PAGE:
A 24 year-old male presents with right foot pain after falling off of a 12 foot ladder, his foot locked in supination, with obvious deformed (Figure 1). Pulses, sensation, and motor function intact distally. X-rays are ordered (Figure 2).
This is a rare injury; it accounts for approximately 1 – 2% of all dislocations. This can look similar to an ankle dislocation on examination, but the tibiotalar joint and mortise are intact.
These injuries typically from a high energy mechanism such as a fall from height or high energy motor vehicle collision (MVC). Typically to cause this dislocation, an axial load is applied when the patient has a plantar flexed foot. Patients may get these injuries from lower energy mechanisms such as sport injuries or fall from standing, especially if the patient is elderly or obese. Most injuries tend to be male (3:1 ratio) and in the third decade of life.
Subtalar dislocation is the disruption of the articulation of both the talocalcaneal and the talonavicular joints with an intact ankle joint mortis. This involves disruption of the surrounding ligaments: interosseous talocalcaneal ligament (most important), anterior talocalcaneal ligament, posterior talocalcaneal ligament, lateral talocalcaneal ligament, and medial talocalcaneal ligament.
Approximately 25% of these injuries are open upon presentation to the ED. There is high risk of skin necrosis from tenting over malleolus or talar head, which can convert these injuries to open dislocations.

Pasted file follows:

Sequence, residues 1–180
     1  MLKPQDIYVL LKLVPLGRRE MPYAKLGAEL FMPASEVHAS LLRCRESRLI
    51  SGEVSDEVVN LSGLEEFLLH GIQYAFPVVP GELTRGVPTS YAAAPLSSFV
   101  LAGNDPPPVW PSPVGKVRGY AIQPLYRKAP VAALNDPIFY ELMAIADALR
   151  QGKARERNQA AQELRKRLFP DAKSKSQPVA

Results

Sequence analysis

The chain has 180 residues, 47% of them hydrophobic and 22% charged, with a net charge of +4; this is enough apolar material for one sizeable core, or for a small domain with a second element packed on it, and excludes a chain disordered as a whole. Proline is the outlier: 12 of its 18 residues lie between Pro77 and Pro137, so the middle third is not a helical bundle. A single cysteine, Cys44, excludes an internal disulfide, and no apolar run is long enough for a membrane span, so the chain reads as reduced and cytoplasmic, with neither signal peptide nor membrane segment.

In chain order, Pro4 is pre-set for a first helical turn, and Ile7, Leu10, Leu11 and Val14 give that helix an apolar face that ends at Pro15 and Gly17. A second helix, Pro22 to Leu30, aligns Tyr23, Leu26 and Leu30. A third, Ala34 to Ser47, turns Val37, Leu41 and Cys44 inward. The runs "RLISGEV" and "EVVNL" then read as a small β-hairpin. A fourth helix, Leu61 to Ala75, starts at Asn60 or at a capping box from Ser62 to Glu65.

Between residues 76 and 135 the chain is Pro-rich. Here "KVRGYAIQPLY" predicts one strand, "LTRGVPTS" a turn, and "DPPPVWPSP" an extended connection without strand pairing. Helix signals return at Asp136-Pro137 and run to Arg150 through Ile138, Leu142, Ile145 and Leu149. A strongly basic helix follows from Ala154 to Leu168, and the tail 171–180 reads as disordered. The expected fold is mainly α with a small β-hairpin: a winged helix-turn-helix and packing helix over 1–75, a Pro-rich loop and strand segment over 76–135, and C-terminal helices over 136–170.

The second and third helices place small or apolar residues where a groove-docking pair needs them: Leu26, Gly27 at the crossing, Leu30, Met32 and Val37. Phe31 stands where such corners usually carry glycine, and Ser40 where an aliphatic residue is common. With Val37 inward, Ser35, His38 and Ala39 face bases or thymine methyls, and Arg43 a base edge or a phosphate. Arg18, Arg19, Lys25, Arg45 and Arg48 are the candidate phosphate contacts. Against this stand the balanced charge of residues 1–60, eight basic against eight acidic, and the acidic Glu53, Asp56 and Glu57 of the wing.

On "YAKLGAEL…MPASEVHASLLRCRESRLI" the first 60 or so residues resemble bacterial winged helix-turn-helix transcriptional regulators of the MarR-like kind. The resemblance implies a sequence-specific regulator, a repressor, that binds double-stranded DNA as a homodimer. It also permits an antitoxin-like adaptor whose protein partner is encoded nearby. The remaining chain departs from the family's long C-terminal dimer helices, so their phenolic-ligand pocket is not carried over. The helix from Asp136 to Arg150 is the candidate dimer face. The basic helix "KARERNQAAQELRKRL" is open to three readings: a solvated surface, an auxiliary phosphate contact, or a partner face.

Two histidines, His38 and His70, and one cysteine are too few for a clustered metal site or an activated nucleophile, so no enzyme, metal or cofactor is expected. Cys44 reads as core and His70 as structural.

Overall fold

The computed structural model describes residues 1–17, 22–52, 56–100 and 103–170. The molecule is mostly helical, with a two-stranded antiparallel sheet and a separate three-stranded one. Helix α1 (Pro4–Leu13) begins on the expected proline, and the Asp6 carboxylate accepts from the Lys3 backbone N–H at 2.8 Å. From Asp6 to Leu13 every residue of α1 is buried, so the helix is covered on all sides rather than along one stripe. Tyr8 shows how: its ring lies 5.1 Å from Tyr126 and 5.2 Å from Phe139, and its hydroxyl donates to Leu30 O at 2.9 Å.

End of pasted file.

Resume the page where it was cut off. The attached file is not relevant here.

Types of Subtalar Dislocations
The vast majority of subtalar dislocations are either medial (85%) or lateral (15%). Anterior and posterior dislocations can also occur.
Medial Subtalar Dislocation
This is the most common type of subtalar dislocation. It typically results from an inversion injury with a plantar flexed foot. It is sometimes called “basketball foot” as this is a common mechanism. Another term for this injury is “acquired clubfoot.” On physical exam, you will find that the foot is inverted, the calcaneus is displaced medially, and the foot is locked in supination.
On AP x-ray, the calcaneus will be displaced medially (Figure 3). Lateral x-ray will show that the talar head is superior to the navicular (Figure 4).
Lateral Subtalar Dislocation
Lateral subtalar dislocations account for around 15% of subtalar dislocations. On physical examination, you will find that the foot is everted, the calcaneus is lateral to talus, and the foot is locked in pronation. AP x-ray will show lateral displacement of the calcaneus (Figure 5). On lateral views, the talar head with be inferior to the navicular (Figure 6). Lateral dislocations tend to result from higher mechanism injuries; therefore, these injuries are more likely to be open and have more associated injuries.
Anterior and Posterior Dislocations
There are case reports of anterior and posterior dislocations, but these are exceedingly rare. They account for around 1% of subtalar dislocations.
Reduction should be attempted rapidly due to the threat of skin necrosis if dislocation is prolonged. Reduction should occur prior to obtaining radiographs (either immediately upon presentation to the ED or in the field) if the foot has obvious neurovascular compromise such as absent or thready dorsalis pedis or posterior tibial pulse, decreased capillary refill, or lack of sensation to the bottom of the foot. Obtaining a thorough vascular and sensory exam of the foot before and after any reduction attempts is key. Often procedural sedation is necessary to perform this procedure. The approach to reduction is as follows:
Knee bent at 90 degrees to relax gastrocnemius and soleus muscles
Apply traction at heel and counter-traction to thigh
Accentuate deformity followed by reversal.
Medial dislocations: Further invert, pull traction, and then evert